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Editorial: Simplifying taxes not simple process


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Indiana Gov. Mike Pence gathered nearly 200 experts in Indianapolis to talk about taxes.

Pence called it the Indiana Tax Competitiveness and Simplification Conference. He said he was not aiming to cut or raise taxes, but to “lessen the burden of compliance” and “create a more attractive environment for investment.”

Pence deserves credit for refusing to be satisfied with the status quo. Making Indiana’s tax laws smarter won’t be easy, but it’s worth trying.

 

For nearly all Hoosiers, prosperity depends directly or indirectly on private businesses thriving and creating jobs.

Businesses like low taxes, but they also appreciate states and communities that work efficiently, provide an educated workforce and offer desirable places for employees to live.

Finding the right balance is the hard part, as Pence learned last winter when he proposed to end the business inventory tax, saving businesses $1 billion across the state.

Pence’s idea ran into a roadblock at the Legislature, even among his fellow Republicans, who feared his idea would cripple local governments.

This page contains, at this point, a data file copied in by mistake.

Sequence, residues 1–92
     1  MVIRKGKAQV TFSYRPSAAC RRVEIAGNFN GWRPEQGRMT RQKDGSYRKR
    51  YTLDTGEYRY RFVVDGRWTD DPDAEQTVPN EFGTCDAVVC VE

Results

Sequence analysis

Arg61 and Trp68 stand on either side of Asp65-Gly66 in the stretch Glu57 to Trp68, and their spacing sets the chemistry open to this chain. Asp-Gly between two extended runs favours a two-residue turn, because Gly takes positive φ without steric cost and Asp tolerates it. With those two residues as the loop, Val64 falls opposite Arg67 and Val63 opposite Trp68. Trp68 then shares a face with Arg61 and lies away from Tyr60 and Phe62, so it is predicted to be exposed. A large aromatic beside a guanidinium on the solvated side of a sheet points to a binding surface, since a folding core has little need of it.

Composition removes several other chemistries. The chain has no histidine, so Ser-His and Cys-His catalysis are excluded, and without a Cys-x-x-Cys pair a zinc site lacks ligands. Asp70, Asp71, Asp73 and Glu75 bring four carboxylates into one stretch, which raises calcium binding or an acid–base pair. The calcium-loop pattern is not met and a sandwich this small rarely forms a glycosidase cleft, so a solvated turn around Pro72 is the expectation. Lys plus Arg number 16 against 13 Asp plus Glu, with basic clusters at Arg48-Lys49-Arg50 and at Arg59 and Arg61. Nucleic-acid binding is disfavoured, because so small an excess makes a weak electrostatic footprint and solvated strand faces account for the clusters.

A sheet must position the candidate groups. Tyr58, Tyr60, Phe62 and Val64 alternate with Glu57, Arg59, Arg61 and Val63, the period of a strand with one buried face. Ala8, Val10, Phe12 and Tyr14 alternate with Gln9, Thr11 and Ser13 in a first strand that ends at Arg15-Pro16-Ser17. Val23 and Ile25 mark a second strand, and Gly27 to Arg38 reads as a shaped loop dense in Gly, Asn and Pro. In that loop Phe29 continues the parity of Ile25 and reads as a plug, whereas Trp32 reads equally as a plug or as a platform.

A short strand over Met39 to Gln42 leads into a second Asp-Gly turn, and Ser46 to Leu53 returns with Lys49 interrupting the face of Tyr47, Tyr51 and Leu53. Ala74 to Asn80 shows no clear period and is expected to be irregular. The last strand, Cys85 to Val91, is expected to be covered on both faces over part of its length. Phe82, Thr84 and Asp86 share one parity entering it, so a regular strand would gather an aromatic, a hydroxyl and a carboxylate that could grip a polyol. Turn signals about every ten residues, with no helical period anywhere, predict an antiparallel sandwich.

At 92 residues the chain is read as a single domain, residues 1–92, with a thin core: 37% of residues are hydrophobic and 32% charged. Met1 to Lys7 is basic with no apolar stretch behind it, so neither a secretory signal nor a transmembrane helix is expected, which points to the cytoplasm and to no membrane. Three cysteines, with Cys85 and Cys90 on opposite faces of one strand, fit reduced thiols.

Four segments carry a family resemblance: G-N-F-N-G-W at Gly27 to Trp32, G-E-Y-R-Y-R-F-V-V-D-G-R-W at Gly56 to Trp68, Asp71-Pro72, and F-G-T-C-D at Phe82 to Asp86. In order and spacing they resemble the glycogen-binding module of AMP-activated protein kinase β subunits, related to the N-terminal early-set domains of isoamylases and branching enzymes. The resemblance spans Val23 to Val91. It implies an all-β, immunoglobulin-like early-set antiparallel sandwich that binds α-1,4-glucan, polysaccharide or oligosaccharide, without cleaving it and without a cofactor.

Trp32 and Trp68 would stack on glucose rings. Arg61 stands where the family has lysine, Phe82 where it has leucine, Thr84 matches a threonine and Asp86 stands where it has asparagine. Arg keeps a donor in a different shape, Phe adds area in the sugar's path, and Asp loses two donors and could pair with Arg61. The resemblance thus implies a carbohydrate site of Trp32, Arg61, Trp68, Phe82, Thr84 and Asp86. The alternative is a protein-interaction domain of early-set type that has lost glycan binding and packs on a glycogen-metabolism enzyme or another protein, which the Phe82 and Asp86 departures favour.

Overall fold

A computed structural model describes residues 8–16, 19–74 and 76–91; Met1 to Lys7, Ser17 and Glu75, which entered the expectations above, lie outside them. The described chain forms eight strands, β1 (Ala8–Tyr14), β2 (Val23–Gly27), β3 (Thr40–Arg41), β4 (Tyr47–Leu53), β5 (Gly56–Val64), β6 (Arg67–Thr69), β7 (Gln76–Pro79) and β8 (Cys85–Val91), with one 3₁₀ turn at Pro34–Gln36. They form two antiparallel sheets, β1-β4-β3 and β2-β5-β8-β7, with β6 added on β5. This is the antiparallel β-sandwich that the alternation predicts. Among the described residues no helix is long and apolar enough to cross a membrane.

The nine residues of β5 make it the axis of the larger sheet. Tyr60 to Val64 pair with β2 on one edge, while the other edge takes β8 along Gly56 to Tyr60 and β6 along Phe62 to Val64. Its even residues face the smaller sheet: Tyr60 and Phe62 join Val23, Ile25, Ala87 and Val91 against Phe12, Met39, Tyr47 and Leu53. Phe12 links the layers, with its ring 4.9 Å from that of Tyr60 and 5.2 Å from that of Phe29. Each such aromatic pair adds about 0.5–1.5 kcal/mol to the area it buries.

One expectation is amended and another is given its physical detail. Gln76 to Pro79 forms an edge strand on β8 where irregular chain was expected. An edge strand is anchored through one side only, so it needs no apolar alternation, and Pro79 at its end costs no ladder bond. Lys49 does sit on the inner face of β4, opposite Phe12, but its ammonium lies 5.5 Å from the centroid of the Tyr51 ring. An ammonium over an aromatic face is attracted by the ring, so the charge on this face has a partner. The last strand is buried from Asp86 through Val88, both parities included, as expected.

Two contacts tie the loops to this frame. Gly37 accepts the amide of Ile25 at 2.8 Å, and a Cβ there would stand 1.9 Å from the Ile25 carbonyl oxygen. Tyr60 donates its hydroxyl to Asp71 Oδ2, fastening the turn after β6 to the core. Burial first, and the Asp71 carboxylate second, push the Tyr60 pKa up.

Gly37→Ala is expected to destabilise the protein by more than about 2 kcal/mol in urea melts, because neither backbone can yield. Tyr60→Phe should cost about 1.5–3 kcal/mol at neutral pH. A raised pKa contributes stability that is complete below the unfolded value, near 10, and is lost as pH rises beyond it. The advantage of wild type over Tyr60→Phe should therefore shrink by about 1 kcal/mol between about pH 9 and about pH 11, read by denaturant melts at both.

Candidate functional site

Instead of adopting Pence’s ideas, lawmakers cut the corporate tax rate, which will phase down to the second-lowest rate in the nation by 2021 if no states undercut us   by then.

By one expert rating, the changes improve Indiana’s tax climate for businesses from 10th-best to eighth-best among the states.

The Legislature also gave individual counties the option to reduce their business taxes.

If Pence wants to study the wisdom of our tax laws, the growing trend toward more county options would be a good place to start. We’re steadily creating a patchwork quilt of 92 different county tax policies.

Some leaders fear that in competition to lure employers, some counties will cut business taxes more than they can afford.

Lawmakers also are cutting our personal income taxes. Our 3.4 percent income tax rate will drop to 3.3 percent in 2015 and then to 3.23 percent in 2017.

Those gains will be more than offset if state funding cuts and new requirements force counties to raise local taxes. Already, 17 Indiana counties assess county income tax rates of 2 percent or above.

Indiana’s low state income tax rate can be deceiving. Indiana gives a minimal $1,000 personal exemption, and its flat rate favors Hoosiers with higher incomes.

A chart from tax-rates.org shows that 35 states use graduated income tax rates like the federal government — with higher rates for higher incomes.

Indiana’s income taxes rank among the very best for high incomes and better than most for average incomes, but among the worst for low-income residents. No one ever seems to mention that in discussion of Hoosier tax policies.

Pence is likely to find that simplifying taxes will not be so simple.

But there’s always room to improve, as long as we look at the whole picture.

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